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When it's you and kids at 35,000 feet

Flying with little ones can be a challenge, but it doesn't have to be airborne misery. Here are tips to ease the way.

December 07, 2003|Arthur Frommer | Special to The Times

IF your travel plans include a long airplane flight with young children, you might be anticipating a high-altitude prison sentence. Here's some advice to help.

Choose your flying time with your kids' needy moments in mind. If you keep them on their regular schedules, especially for mealtimes and nap times, they'll travel better. Schedule long-haul flights for nighttime so you and your children can sleep. If you have to spend time in transit, check out airport amenities at You might find a play area, showers or a day room where your kids (or you) can lie down.

When you book your flight, ask for every kid-friendly item the airline offers. Request the seats you want in advance. Bulkhead seats give you extra room, but you may not be able to lift the armrests to make a good sleeping spot for a child. If you're traveling on an international airline with an infant, you can request a bassinet -- a small crib that clips onto the wall in front of the bulkhead seats. Children younger than 2 can travel on an infant fare, usually 10% of the adult ticket price, and use an adult's lap for a seat. However, the Federal Aviation Administration recommends car seats for infants and toddlers weighing less than 40 pounds, which means they need their own plane seats and tickets costing 50% to 75% of an adult fare.

Wherever you sit on board, keep the kid-related things you really need stowed beneath you, so you can reach them without standing up.

At least two days before departure, order kids' meals, which are designed for finicky little eaters and often include surprises. A toy hidden inside a chocolate egg can keep a small person happy for a long time. Baby meals may be available as well.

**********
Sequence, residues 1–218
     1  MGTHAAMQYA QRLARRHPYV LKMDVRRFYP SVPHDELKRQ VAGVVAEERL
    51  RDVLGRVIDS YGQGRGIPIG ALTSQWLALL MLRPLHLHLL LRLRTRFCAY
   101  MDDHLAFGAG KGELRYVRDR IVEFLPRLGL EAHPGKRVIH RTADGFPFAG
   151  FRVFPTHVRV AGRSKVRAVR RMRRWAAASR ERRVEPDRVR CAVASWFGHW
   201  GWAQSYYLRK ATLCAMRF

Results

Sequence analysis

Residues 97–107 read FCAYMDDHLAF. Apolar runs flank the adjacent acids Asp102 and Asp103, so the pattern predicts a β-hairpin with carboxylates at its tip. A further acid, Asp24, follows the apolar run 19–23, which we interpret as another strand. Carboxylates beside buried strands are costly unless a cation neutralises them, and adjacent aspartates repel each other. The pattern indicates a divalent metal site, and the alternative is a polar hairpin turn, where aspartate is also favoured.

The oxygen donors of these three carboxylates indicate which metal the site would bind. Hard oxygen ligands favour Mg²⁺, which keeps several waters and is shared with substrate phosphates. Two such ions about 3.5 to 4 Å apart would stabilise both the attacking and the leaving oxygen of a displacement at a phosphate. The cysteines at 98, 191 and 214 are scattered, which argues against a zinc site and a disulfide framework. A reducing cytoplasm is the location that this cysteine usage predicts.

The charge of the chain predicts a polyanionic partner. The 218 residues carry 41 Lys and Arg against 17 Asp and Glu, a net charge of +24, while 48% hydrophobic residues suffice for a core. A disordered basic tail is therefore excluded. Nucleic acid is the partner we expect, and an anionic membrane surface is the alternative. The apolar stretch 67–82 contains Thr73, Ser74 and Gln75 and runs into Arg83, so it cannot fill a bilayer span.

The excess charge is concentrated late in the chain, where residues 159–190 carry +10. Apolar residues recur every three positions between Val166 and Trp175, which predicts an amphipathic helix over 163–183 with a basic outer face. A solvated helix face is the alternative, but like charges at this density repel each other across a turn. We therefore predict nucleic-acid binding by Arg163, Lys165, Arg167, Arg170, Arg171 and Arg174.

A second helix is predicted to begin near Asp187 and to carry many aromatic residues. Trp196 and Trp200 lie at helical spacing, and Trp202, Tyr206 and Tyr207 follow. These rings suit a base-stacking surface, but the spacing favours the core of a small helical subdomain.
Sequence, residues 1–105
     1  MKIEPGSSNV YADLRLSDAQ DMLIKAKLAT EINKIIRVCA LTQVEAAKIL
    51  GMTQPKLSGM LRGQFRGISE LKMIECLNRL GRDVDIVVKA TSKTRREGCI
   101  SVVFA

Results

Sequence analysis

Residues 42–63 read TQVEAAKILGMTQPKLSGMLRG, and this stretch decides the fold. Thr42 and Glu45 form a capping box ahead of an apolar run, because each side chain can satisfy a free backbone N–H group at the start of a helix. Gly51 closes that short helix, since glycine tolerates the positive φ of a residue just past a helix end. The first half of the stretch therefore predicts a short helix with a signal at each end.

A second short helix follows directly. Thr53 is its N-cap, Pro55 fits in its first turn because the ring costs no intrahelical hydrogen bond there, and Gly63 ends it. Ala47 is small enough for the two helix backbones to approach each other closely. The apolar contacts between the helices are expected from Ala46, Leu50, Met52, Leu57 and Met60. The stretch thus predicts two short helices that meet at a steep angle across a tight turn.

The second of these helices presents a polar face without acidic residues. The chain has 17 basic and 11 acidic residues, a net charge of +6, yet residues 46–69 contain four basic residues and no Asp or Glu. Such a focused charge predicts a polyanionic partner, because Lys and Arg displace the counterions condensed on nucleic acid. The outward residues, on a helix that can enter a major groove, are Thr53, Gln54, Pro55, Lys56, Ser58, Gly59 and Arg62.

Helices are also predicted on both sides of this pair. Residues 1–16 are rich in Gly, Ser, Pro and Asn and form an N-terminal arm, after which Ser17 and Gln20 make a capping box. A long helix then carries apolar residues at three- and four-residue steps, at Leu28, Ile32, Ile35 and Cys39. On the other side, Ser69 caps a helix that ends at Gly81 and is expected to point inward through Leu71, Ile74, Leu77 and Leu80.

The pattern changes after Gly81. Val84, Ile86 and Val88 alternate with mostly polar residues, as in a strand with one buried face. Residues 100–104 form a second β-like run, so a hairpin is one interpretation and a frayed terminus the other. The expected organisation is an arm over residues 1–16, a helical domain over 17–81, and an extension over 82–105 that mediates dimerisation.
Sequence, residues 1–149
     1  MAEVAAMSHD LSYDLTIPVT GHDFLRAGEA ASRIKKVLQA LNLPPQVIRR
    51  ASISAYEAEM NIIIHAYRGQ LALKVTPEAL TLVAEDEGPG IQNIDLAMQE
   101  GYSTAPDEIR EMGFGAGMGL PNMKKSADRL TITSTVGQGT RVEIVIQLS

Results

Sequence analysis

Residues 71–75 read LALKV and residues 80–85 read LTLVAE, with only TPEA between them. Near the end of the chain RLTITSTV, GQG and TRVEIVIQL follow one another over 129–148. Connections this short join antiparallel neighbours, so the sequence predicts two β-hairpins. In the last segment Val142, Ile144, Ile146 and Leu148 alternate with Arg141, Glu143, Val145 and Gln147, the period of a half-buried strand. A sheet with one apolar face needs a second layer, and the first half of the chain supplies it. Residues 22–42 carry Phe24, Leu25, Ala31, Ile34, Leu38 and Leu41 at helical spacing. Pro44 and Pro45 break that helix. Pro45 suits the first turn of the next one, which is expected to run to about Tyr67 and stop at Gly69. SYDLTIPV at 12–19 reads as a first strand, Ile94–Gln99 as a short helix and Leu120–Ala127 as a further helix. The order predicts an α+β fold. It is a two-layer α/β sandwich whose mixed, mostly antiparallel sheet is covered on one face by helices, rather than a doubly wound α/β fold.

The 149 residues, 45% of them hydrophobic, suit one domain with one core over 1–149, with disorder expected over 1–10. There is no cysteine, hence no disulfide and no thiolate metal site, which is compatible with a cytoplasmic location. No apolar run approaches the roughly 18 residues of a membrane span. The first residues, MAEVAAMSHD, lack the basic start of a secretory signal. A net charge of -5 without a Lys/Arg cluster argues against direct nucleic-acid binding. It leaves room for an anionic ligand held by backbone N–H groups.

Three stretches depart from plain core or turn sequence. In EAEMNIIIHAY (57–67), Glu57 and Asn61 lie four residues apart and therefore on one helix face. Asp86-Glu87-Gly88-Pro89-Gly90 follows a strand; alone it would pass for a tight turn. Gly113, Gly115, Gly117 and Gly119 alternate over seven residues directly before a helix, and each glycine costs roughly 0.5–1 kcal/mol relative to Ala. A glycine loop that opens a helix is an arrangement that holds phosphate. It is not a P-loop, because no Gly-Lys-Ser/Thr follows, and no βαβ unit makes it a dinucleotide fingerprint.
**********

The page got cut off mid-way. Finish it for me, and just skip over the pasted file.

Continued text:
Ask whether the seats have individual TV monitors and children's programming. This knowledge alone might sustain you through airport security lines. And don't forget to sign your children up for frequent-flier miles.

Pack plenty of food options that pass the time and fill the tummy, such as Cheerios or grapes, which can be eaten one at a time. Sippy cups help avoid spills. Beware of salty or sugary snacks; your kids will be dehydrated and excited enough as it is. Carry extra clothes, any medicines and, if you have a diaper-wearer, a well-stocked diaper bag. The airline might have extras, but you don't want to be caught short.

Pack toys with lasting playing power. Toddlers need toys they can use and reuse, such as colored pencils, stacking cups, threading games and board books with tactile pages. (Eric Carle's "The Very Hungry Caterpillar" can outlast an in-flight movie.) Older kids may like cards, game books and non-messy art projects. Familiar playthings will help calm a child at bedtime or in stressful moments. If they're old enough, children enjoy carrying their toys in their own backpacks.

Free yourself from lines and lugging. Arrive early. Check bags curbside. Keep mobile with a baby backpack or carrier, a sit-and-stroll combination car seat/stroller (, $198), a seat that attaches to rolling luggage (, $45) or a foldable umbrella stroller. Use time in the airport to let children be active, walk, watch what's going on and use the big airport bathroom.

Remember that you may be the default in-flight entertainment for your children. Don't plan to see the movie or finish that novel. Make a game out of everything you can, and release toys and snacks slowly to last the trip.

Here's the bright side: You and your children may enjoy the chance to spend time sitting next to each other during the flight. And just think how you'll have earned that vacation.

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